February Writing Challenge: Honorable Mentions — Sara, Jennifer Fadden, and Glorienne Broñola

These entries from February's challenge were selected as Honorable Mentions. Those who completed  this challenge are now encouraged to share their stories in the comments section of the "February Writing Challenge."

Sara
17
Italy

The Chair Nobody Wants

I’m the chair nobody wants. I live in every school. You can find me in the corner of a classroom. I’m almost useless, but no one minds me, so they don’t throw me away. My life is pretty chill but also sad, and although I’m surrounded by young and beautiful people, I’m alone. You see, I’m the chair nobody wants. I could be broken, maybe with a curved leg, I could be a little unsteady, I could simply be too high or too low. I’m often ignored, but sometimes people notice me and write on me. If I’m lucky, they’ll write meaningful quotes from books or songs; if I’m unlucky, they’ll write bad words. Sometimes youngsters are nasty to me, and they try to break me even more; sometimes they do this to other students too.

Nobody knows, but I can feel and see and hear. When they write on me, I know whether they are using a pen or a marker. I can feel their feelings through the words they use. I can hear them when they talk too, when they shout, when they whisper. I can tell the difference between younger and older students. I can tell that the younger are scared and the older are bored. I feel the anxiety during tests. I know everybody’s secrets because everyone murmurs them in my corner, where they think no one and nothing will hear. But I do. I won’t betray them, though. I’m a good listener since I can’t speak. Sometimes I’m able to feel happy; this happens when someone manages to use me for a purpose, to see me as if I weren’t damaged. Today, for example, someone moved me from my old spot. For a moment I feared my end was near, but I immediately relaxed when I felt the weight of books being put on me. I had almost forgotten the smell of books. It’s so weird. I’m near the teacher’s desk. It had been a long time since the last time someone found me useful. It was two or three years ago, when a child got hurt, and he used me to hold his casted leg up.

These are the times I forget I’m a simple, broken, smudgy chair. Sometimes I feel I’m much more. However, something always reminds me who I am. This happens during the holidays, they are the worst. Everything is dark and quiet and almost creepy and boring and lonely, all at once. I get dusty, and I fear to die. I know that technically I’m just an inanimate object, but I have a conscience, and my worst fear is to lose it. I can bear almost every treatment, good or bad, I receive. I don’t fear pain; I fear the possibility of losing myself. During the holidays I’m left alone with myself, and the absence of humanity makes me stiff, as a chair should be. I don’t want to be a simple chair. I’d rather be a melancholic old chair with a conscience than a perfect functioning chair but soulless. During the holiday I cling to my sadness to stay alive. I cling to the knowledge that everyone will come back, and I cling to my memories. However, during summer and winter holidays, everybody leaves and I don’t. Because I can’t. I usually feel alive, but from this point of view I’m not, I’m not a person who can go everywhere, I’m not a book which can be carried around, I’m not a breath of wind which can fly above the earth. I’m  a broken chair, in the corner of a classroom, at the end of a long hallway, in a school, in a city. It doesn’t really matter the specific place, I could be everywhere, because everybody knows me, everybody has seen a broken chair that nobody wants at least once. I’m that chair.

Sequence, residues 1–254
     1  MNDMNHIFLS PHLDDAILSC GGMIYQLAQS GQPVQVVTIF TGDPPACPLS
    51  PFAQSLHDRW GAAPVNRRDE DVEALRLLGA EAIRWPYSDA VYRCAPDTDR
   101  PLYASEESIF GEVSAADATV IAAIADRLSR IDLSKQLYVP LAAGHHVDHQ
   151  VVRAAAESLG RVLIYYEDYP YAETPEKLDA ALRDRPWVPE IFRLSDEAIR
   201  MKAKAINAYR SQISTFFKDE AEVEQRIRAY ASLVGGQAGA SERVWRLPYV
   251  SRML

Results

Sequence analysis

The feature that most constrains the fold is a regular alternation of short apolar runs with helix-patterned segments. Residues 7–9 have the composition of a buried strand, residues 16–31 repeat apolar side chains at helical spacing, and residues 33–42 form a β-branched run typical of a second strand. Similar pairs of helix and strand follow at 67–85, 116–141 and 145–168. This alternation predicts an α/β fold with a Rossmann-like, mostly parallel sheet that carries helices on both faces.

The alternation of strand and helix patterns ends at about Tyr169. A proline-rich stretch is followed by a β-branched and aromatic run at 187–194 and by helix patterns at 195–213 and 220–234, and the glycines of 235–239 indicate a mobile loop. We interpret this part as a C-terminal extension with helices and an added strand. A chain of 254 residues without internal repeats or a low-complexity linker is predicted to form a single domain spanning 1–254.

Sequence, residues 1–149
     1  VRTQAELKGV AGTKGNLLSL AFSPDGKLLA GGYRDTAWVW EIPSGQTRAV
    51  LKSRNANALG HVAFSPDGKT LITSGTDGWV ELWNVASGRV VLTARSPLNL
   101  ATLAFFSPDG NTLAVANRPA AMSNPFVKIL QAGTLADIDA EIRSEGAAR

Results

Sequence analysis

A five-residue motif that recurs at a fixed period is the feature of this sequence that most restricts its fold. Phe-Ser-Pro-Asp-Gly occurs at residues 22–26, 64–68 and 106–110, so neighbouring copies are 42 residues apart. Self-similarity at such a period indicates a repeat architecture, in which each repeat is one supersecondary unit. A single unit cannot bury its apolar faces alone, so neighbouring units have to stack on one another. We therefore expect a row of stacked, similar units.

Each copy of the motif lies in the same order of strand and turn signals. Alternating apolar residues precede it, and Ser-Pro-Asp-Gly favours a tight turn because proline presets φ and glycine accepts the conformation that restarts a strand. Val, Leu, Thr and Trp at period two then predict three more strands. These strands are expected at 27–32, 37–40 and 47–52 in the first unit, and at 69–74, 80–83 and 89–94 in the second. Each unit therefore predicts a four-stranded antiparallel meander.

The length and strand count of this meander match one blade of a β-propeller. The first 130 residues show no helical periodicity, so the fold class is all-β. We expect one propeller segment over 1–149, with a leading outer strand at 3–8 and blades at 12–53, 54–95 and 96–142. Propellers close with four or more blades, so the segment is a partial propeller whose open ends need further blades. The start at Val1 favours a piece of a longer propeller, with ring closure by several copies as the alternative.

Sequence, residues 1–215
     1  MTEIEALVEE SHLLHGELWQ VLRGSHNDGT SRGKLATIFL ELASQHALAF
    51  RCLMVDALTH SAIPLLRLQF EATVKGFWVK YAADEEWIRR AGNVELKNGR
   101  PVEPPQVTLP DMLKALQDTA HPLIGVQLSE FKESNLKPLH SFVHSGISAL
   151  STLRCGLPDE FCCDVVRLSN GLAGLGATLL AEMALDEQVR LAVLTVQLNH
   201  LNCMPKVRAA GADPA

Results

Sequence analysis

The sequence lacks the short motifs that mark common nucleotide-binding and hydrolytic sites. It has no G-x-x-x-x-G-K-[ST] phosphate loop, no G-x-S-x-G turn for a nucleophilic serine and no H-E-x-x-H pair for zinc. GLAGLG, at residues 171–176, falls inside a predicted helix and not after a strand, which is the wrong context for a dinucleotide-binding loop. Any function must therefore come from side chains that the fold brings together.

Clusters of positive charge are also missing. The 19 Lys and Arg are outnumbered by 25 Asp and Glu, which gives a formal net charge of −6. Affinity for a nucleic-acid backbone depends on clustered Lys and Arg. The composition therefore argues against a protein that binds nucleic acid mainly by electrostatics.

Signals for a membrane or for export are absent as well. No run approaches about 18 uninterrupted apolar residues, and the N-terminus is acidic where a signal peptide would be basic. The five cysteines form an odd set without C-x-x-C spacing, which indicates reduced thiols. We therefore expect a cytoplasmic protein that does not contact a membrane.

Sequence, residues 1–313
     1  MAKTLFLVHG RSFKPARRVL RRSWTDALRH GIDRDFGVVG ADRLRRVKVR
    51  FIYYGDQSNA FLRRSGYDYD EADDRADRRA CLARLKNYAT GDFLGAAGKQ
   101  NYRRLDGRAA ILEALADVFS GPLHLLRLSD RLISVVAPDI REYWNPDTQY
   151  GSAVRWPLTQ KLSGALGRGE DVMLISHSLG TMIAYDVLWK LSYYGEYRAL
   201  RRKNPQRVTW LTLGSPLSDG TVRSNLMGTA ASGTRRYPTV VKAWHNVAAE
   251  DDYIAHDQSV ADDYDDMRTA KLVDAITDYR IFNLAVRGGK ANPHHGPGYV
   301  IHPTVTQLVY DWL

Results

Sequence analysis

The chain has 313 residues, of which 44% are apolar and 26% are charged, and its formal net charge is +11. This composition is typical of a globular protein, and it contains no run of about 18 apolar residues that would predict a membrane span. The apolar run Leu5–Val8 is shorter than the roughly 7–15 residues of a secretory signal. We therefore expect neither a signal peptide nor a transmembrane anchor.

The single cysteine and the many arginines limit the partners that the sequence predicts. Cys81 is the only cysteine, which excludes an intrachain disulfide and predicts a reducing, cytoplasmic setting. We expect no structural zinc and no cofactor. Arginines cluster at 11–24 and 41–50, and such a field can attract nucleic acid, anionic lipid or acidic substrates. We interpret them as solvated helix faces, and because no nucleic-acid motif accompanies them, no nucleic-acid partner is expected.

Jennifer Fadden
18
USA

Picture Frame

All of my life I have held happy memories inside of me. Family vacations, weddings, and smiling faces.  I sit in a place where I can see the whole house. I watch over my family as they go about their everyday business. It’s a small family, just a man and a woman, but they are my family. Every now and then someone will look at me and smile. I hold their memories for them so that they won’t lose them. Lately, though, they have been looking at me less, and when they do look, they don’t have that sparkle in their eyes like they used to. Their faces have a look of disdain instead of admiration. Did I do something wrong? Have I changed in some way? Today the man looked at me for the first time in weeks, except instead of a smile I was met with a look of anger.  I don’t understand what is going on anymore. My family seems angry; they keep yelling at each other. What are they doing?  All of a sudden I’m crashing into a wall. I feel myself break on impact. I can’t see what’s going on anymore; all I see is black. A few hours later I feel myself being picked up off the floor. The woman takes a long look at me and I see tears forming in her eyes.  She looks at me for a long time until she walks over and drops my in the trash. I don’t blame her. I’m broken, and no one wants a broken memory.

 

 

 

Glorienne Broñola
14
Philippines 

Reflected

I looked at you one last time before they carry you off to the hospital. I was now nothing more than a broken piece of glass, scattered around the room like diamonds. My pieces shined as the light touched them. Like the stars you used to watch outside your window. They were so beautiful, Katie. Just like you.